One man's view of theology, sports, politics, and whatever else in life that happens to interest me. A little bit about me.

Wednesday, June 18, 2014

Painting with a Broad Brush

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It’s the beginning of summer. If you have Facebook and if you have lots of conservative evangelical friends (and I do, since I am one), that means it’s time for lots of articles and videos advising women about how they should dress during the summer. It’s never a bad time for us to be reminded to dress modestly, but most of the articles go beyond that. They perpetuate lies about how men and women relate.
These articles find their source at the confluence of two cultural lies that come from very divergent sources yet are surprisingly similar. One is the feminist lie that all men are pigs. The other is the Victorian lie that women are responsible for the reactions of men. Bring these two lies together, throw in some twisted Bible verses and you get the basis for way too many of these articles: all men are raging sex monsters, and it’s up to women to keep them at bay by dressing modestly.
It’s unfair to both men and women to let the lie stand that this is how men and women relate. Perpetuating it puts men in a never-ending spiral of despair. Jesus clearly taught that lust is just as much a sin as adultery. Far be it from me to deny that lust is a problem. But if a man can’t help but lust any time he sees an immodestly dressed woman in person or photograph, then what is he to do? Never venture outside? Never read or watch the news? Never work in the same workplace as a woman? Perpetuating these lies also gives women a false view of men and of the world. If no man is to be trusted, if all men are one glance away from lust and worse, then why should she respect any man? Why should she spiritually submit to any man, whether as a husband, pastor or whatever, if men are helpless to keep from sinning?
If you read these articles they say things like men are stimulated by sight exclusively, and they can’t help but lust when they see a woman’s thighs or cleavage. Such statements are not only untrue, they are patently absurd. Blind men become fathers all the time. It’s actually quite the common occurrence. If men have to see stimulating images to be aroused, then it would be impossible for blind men to reproduce. If these lies are true, then why is it legal for a man to be an ob-gyn? If one glance at a bikini-clad woman renders a man helpless to control his lust, then by the very nature of his job it stands to reason that a male ob-gyn would be driven so out of control he couldn’t possibly hope to contain himself. He would be out of his practice and in jail within a week.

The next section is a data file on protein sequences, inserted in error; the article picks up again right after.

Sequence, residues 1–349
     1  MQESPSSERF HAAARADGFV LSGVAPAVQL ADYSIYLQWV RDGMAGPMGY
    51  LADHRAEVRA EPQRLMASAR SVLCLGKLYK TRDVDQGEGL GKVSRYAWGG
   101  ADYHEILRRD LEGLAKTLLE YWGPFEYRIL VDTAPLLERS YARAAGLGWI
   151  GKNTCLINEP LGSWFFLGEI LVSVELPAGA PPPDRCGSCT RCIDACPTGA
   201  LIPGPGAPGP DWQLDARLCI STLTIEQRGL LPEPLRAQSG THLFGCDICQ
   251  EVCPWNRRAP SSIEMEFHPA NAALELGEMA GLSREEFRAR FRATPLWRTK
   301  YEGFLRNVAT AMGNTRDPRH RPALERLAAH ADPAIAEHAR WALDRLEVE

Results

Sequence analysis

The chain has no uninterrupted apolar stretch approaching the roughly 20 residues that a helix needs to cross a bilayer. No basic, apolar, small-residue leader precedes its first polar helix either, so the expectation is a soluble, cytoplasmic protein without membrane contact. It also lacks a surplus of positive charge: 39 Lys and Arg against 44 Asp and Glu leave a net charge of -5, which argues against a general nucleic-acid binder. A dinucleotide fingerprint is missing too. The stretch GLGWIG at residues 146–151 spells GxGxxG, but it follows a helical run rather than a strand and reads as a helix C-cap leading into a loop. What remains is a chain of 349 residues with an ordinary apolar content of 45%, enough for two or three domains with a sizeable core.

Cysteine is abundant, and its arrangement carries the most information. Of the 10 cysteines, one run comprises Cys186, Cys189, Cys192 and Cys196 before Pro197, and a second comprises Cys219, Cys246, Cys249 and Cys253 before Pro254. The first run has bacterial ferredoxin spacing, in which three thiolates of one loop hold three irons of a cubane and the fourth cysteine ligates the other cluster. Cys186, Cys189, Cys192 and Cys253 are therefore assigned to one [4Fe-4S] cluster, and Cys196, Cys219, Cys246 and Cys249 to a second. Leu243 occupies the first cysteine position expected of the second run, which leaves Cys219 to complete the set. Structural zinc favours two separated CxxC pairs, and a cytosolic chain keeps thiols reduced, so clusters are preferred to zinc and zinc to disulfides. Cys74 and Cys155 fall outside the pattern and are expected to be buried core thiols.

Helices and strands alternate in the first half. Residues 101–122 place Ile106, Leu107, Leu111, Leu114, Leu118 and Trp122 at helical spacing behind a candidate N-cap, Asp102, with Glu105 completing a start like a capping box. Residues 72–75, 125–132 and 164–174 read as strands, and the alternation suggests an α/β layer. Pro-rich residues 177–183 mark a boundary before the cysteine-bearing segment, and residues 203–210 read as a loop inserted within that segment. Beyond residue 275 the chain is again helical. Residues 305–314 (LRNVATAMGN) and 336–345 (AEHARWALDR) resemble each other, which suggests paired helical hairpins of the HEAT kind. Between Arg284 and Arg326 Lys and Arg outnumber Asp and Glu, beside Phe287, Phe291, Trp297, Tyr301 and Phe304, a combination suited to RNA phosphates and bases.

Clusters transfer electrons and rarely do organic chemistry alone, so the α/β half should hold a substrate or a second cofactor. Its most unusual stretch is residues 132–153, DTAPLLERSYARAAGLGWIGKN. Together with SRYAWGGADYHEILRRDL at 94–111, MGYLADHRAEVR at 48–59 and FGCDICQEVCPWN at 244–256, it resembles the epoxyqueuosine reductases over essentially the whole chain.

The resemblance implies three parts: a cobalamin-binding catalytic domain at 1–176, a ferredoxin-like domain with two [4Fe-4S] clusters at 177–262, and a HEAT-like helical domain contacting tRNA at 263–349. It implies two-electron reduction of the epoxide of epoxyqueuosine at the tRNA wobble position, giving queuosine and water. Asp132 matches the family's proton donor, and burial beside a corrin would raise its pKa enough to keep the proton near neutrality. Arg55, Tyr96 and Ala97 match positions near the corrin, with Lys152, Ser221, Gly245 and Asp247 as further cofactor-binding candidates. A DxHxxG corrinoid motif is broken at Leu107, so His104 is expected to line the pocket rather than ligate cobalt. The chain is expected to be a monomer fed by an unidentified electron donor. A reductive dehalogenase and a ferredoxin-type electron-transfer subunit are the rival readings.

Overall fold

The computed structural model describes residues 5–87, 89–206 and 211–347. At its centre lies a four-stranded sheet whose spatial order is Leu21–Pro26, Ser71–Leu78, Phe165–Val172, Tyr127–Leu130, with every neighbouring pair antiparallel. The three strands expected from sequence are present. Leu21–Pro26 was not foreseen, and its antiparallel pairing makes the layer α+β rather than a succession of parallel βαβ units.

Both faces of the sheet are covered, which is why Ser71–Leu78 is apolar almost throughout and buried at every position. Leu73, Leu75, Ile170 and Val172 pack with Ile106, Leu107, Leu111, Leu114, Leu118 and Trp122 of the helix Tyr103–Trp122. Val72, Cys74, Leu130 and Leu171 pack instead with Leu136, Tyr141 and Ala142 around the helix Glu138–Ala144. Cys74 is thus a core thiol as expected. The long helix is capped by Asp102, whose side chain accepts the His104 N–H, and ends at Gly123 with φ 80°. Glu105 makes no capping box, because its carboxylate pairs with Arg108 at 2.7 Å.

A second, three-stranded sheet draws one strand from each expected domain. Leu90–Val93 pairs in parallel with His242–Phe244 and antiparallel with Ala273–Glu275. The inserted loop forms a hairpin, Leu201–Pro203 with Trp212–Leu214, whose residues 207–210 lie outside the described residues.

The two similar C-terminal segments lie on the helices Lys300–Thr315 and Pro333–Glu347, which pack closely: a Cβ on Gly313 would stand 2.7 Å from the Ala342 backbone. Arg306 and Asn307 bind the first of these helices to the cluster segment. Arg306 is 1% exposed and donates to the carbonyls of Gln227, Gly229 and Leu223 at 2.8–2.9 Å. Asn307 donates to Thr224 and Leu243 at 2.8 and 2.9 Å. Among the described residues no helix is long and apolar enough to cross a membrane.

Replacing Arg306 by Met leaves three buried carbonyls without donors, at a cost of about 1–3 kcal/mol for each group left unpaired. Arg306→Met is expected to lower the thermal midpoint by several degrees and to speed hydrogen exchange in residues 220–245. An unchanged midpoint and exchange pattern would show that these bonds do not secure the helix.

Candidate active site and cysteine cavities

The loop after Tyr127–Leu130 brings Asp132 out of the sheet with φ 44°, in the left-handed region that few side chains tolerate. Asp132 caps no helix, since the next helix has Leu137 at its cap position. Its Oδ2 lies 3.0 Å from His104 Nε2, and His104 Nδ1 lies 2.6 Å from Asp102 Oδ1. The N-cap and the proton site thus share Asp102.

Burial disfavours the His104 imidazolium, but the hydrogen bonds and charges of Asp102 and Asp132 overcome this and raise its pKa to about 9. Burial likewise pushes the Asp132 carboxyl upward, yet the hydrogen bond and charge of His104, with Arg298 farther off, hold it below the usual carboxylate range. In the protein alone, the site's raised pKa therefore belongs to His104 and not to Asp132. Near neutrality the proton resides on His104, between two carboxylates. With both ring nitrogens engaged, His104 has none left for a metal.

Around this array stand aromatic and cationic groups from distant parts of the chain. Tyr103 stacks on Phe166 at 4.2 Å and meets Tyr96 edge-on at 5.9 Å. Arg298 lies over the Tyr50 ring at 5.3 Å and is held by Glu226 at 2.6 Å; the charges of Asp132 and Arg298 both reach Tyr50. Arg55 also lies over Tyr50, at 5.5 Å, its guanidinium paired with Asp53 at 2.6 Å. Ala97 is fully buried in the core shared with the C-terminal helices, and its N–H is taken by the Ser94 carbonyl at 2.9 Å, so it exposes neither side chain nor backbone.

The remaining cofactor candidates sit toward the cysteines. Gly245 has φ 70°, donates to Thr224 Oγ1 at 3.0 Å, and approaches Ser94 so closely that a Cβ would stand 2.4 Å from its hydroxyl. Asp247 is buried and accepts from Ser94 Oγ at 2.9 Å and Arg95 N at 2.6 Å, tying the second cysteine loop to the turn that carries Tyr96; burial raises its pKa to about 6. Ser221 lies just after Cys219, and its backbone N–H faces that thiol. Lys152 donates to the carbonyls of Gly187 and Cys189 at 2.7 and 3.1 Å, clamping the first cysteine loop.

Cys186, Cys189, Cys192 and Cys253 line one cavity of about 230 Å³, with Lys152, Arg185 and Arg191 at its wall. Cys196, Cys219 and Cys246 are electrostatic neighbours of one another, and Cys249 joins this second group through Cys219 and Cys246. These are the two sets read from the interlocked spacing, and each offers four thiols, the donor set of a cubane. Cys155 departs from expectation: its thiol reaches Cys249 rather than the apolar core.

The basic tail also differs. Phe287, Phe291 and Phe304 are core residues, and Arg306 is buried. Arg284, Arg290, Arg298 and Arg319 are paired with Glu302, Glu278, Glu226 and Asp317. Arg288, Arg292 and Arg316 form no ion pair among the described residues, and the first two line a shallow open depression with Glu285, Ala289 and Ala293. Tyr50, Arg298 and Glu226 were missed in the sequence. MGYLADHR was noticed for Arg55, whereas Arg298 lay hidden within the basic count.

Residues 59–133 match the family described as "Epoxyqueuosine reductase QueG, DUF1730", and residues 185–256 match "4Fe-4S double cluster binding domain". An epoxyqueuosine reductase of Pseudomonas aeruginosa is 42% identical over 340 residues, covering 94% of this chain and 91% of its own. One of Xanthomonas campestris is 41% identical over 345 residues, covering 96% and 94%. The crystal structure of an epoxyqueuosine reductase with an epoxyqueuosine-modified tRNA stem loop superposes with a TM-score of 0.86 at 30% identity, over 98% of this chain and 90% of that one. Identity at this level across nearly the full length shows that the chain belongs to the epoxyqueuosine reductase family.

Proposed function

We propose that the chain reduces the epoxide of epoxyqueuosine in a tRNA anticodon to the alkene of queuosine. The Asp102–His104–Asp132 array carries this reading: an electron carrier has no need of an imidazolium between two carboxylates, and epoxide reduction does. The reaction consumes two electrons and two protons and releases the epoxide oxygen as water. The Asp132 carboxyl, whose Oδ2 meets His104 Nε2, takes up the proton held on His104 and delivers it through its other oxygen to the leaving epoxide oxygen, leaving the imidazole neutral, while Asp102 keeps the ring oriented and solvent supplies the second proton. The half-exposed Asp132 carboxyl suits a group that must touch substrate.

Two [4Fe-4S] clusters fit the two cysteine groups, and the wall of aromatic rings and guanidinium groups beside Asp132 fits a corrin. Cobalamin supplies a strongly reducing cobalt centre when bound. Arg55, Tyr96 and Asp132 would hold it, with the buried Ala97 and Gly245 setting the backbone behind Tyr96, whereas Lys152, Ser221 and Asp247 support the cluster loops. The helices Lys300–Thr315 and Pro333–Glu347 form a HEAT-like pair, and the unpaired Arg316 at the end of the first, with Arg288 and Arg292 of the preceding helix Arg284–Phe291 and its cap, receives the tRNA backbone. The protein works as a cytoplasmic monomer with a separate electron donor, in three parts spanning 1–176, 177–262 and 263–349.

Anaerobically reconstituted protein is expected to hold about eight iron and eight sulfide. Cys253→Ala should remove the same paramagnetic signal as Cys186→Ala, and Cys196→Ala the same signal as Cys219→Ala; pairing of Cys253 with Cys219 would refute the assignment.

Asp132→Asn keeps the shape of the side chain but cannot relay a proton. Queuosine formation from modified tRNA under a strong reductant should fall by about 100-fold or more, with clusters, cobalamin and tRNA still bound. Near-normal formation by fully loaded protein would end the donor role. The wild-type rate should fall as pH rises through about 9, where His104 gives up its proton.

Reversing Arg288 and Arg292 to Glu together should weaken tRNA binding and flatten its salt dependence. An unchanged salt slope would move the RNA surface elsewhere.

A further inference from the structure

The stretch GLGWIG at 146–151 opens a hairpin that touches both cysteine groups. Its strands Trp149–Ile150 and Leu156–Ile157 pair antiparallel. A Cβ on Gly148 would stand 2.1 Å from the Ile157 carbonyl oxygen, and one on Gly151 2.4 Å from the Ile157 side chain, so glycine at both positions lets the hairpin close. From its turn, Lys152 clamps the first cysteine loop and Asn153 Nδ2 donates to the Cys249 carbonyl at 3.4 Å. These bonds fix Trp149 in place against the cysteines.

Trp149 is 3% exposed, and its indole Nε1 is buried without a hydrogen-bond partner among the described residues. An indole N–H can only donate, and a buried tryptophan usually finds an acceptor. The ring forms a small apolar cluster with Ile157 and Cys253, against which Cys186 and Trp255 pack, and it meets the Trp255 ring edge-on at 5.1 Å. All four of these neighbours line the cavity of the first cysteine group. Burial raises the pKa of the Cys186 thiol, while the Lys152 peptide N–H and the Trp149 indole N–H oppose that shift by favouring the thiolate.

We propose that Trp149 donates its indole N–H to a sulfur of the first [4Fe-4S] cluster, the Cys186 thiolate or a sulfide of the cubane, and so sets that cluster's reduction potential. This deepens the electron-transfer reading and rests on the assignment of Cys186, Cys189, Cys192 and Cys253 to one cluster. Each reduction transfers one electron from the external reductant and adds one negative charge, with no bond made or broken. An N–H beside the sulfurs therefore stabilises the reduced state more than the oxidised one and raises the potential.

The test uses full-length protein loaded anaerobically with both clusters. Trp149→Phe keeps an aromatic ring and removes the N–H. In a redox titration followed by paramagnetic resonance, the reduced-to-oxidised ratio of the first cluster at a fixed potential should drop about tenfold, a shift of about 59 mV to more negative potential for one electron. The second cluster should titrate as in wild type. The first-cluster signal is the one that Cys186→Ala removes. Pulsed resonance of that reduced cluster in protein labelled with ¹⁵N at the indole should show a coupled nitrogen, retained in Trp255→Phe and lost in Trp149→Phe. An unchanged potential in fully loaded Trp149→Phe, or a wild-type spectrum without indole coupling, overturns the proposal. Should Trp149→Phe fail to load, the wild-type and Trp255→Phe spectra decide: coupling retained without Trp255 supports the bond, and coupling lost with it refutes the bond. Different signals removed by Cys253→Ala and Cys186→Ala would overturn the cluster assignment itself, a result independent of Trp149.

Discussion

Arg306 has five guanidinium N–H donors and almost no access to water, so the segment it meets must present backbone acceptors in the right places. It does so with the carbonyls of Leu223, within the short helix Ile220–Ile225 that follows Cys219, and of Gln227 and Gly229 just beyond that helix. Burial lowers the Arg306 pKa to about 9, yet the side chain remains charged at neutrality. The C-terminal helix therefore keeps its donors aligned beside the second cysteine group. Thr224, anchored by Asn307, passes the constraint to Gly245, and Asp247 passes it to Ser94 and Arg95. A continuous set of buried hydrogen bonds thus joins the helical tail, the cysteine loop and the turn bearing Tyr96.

I’m not denying the fact that there are some men who think that way or who treat women shamefully. Nor am I denying my own capability to lust. I’m just trying to provide a little bit of balance because I don’t think the way those articles say I do, and thankfully I don’t know very many men that do follow the stereotype. With so many exceptions to the rule out there, it’s about time we stop pretending the rule exists and start dealing with reality.
The reality is that we as believers have the Holy Spirit. We have the capability to handle a tempting
situation without sinning. Obviously part of that is being wise enough to avoid tempting situations to start with, but that’s not always possible. Temptation is not a trap door that automatically drops us into sin. We have a choice in how we respond. A Christian man can choose to lust or he can choose to escape the temptation when he finds himself in a situation he did not plan for. I know I’m certainly not above making a wrong choice, and I would love to read some honest articles about dealing with these real-life situations.
But no. Instead we get articles about how the author’s poor husband or boyfriend needs the cooperation of all the women out there to protect him from sin. That’s demeaning to both men and women. I feel sorry for the men whose wives write about them in such disparaging terms. I know I would be embarrassed if my wife wrote the things about me that I read about other men in these articles. The way some of these women write about their husbands, they should be brought before the church for discipline and restoration. They certainly shouldn’t be pastors, deacons or leaders in the church, like so many of their wives claim they are. Before I would write anything that embarrassing about my lovely wife I would seek some private counseling for both of us.
I can’t read people’s hearts. I don’t pretend to know what motivates some people to do what they do. I’m just tossing out some general examples of stuff I've seen. I do know that privately dealing with a relationship issue is much healthier for anyone than publicly blaming others for a problem. I also know that the lie that men are helpless against lust undermines both sexes’ role in the church and in society. But we can’t talk about it, because it has become the conventional wisdom of our society, including the church. Men and women are afraid of speaking against it because they are afraid of being labeled as insensitive to real issues of rape or abuse. Well it’s time that stopped. My mom didn’t raise no pig. People should be judged on the content of their individual character, not pigeonholed into stereotypes.

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